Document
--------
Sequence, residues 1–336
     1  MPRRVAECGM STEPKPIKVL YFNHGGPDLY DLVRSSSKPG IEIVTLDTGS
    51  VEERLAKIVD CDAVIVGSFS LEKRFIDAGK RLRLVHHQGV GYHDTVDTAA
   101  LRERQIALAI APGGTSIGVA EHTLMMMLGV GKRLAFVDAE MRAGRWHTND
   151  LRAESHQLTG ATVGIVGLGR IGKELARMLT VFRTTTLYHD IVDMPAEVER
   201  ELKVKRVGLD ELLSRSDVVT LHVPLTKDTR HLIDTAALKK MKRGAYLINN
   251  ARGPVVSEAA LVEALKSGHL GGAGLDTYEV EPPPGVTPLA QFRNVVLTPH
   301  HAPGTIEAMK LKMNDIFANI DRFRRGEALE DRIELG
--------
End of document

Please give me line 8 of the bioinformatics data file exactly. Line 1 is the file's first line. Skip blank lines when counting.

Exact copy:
   301  HAPGTIEAMK LKMNDIFANI DRFRRGEALE DRIELG